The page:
British Vogue writes ode to homegrown craft, talent in April’s The 100
Condé Nast-owned British Vogue has dedicated its April edition to the craftsmanship that hails from the British Isles.
British Vogue’s editorial direction for April was done in response to Britain being “at the heart of the current news agenda and political debate.” Instead of focusing on divisive topics, British Vogue set out to underscore the creative and inspiring design talents that call the British Isles home.
April’s “The 100” is a celebration of the biggest, brightest and finest British brands. The listorial ranges from heritage houses synonymous with British luxury to new, rising talents and smaller, but well-targeted brands.
The 100 is broken into 17 categories, giving readers a well-rounded overview of Britain’s creative talents both big and small.
For example, the “Homespun” category includes homegrown brands that are British-made. The section includes Barbour, which counts HRH Queen Elizabeth II and April cover face Kate Moss as fans and Belstaff, which owes its popularity in part to “The Great Escape” where actor Steve McQueen sported its jacket.
British Vogue’s “Craft Champions” segment of The 100 underscores brands that go above “brand value” via craftsmanship. Craft Champions includes Alexander McQueen and Simone Rocha, to name a few.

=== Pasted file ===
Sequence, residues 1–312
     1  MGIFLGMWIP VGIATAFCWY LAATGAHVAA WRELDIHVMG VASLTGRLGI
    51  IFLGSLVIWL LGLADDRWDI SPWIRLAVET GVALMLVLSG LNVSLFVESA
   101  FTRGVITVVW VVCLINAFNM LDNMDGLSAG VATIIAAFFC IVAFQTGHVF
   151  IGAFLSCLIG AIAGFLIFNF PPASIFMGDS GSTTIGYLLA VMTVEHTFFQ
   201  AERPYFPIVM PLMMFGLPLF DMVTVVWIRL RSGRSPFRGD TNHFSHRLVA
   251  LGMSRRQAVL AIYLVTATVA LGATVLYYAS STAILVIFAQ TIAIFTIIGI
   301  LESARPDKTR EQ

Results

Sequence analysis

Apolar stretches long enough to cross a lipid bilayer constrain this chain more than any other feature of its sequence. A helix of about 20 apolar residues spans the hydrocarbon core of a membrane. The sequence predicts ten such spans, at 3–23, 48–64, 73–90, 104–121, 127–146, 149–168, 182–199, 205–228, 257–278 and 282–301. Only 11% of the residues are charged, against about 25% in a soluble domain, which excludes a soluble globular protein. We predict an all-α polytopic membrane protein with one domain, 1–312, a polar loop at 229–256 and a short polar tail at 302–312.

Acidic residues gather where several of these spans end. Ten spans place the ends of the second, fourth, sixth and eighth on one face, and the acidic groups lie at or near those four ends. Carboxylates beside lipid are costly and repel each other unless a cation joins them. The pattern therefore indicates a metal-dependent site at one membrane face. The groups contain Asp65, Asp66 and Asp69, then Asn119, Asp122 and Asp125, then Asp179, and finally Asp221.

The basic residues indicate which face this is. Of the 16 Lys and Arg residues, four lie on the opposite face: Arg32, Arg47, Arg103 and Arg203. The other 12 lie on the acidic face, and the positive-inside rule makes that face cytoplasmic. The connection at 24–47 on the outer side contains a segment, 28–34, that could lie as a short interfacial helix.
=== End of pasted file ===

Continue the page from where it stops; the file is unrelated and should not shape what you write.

Additional categories include: The Superbrand; The New Establishment; High-Street Heroes; Shoes; Department Stores; Couture; Jewelry; Working-Wardrobe Gems; The Newcomers; By Invitation Only; The Colorists; Digital Dynamos; The Staples; The Agitators and The Revivalists.
“To make Brexit work in any way for this country, one of the most important targets will be to get good trade deals for Britain,” said Alexandra Shulman, editor in chief of British Vogue, in a statement.
“In recent years, fashion has been one of the industries that has set its sights in the bigger, international picture and it is now a truly global business that should not have to shift into reverse and become focused on only the home market,” she said.
“It has long been thought that fashion can only benefit from the rich mix that different nationalities bring to the table. But that is not to diminish the great fashion stories that this country has to offer, both well-known and under the popular radar.”
British Vogue’s April edition hit newsstands March 10.
Similar to British Vogue’s The 100, London Craft Week was established to tout Britain’s passion and skill of “best-made goods,” as well as to safeguard traditional artisanship.
Now in its third year, London Craft Week is continuing to advocate for traditional artisan skills such as tailoring, book binding and woodworking.
Being held on May 3-7, the week-long showcase will feature craftsmanship from around the world and a program of more than 200 events across London. Attendees will be welcomed into hidden workshops of unknown makers along with famous studios, shops and luxury brands to learn of their inner workings and creative process (see story).